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Finding the real impact of data quality in finance

Richard Jones

October 27, 2014

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Businesses today have practically endless reasons to care about maximizing data quality, and one of the key ones is the long-term impact on their finances. If a company has highly accurate data about its employees, its workflow and most importantly its own customers, it can use that information to make sharper decisions in marketing, sales and more. Unfortunately, the converse is also true. Shoddy or outdated data can lead an enterprise down the tubes.

This has been a recurring problem for numerous banks, who have had trouble lately with making smart choices about the future of their customers and their money. But data issues extend well beyond the actual finance sector - really, any company that manages money needs to think about the long-term effects that come from having good, clean data.

Data you can take to the bank
Like any industry that works with large volumes of customer data, the banking sector is not immune to the adverse effects of data quality issues. According to CBR Online, this is actually quite the widespread problem for banks. The news source cited an SAS-sponsored study in which 35 percent of banks say they're having trouble aggregating customer data and managing all the requirements that come with it.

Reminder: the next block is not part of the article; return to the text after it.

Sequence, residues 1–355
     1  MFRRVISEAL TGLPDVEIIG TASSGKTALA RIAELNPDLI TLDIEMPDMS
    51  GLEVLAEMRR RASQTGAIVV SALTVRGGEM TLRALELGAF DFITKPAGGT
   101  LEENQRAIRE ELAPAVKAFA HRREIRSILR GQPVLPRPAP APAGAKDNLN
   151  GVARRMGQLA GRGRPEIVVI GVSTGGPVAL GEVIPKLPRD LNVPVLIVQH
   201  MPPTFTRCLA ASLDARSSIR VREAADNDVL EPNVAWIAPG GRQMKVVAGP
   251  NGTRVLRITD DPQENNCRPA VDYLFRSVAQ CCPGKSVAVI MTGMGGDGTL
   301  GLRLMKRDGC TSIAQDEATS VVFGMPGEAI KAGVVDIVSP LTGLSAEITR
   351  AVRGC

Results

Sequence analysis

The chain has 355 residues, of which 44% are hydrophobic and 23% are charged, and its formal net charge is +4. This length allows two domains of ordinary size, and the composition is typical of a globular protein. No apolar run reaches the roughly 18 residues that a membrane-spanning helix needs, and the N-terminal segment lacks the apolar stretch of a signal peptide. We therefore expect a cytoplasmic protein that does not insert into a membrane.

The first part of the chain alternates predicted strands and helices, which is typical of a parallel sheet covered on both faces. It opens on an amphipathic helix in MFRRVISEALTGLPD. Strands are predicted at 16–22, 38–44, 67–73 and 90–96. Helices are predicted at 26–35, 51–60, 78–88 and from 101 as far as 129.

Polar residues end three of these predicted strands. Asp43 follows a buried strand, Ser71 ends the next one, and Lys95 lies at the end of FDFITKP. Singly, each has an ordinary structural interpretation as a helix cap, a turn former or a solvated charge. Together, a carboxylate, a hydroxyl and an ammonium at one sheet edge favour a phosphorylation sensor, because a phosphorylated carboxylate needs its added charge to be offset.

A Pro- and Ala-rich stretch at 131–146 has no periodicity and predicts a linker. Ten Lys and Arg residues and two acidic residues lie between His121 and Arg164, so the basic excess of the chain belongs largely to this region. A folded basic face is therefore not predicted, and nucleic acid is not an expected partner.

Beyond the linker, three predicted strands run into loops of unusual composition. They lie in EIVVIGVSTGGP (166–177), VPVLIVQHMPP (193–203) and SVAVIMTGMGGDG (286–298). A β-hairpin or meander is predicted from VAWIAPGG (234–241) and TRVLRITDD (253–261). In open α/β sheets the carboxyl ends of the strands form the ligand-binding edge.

Brooke Upton, SAS' senior product marketing manager for risk, explained to the news source that dirty data can present long-term issues for financial institutions.

"Banks are really struggling with data quality, and a lot of that has to do with aggregating the data, and combining that data to present it in an accurate and reliable format to produce good results," Upton said. "They don't have enough skills and expertise in the regulatory space. There's a lot of manual intervention to actually collaborate the data across lines of business, there's a lot of manual intervention and reliance on spreadsheets."

Finding a way to cleanse data would be a godsend for the industry.

The universal data effect
By no means, though, is the need for clean data limited to the banking industry. Imagine running a retail outlet and trying to make long-term decisions about your finances. How much of your budget should you dedicate to marketing? How big a sales staff do you need? These are big-picture questions with a huge impact on your bottom line, but without clear data on your customers, good luck answering them.

Data quality has far-reaching effects. It can benefit your company as it relates to marketing strategies, internal workflows and long-term financial decisions. Whether you're running a bank, an e-commerce outlet or just a mom-and-pop shop, clean data always matters.

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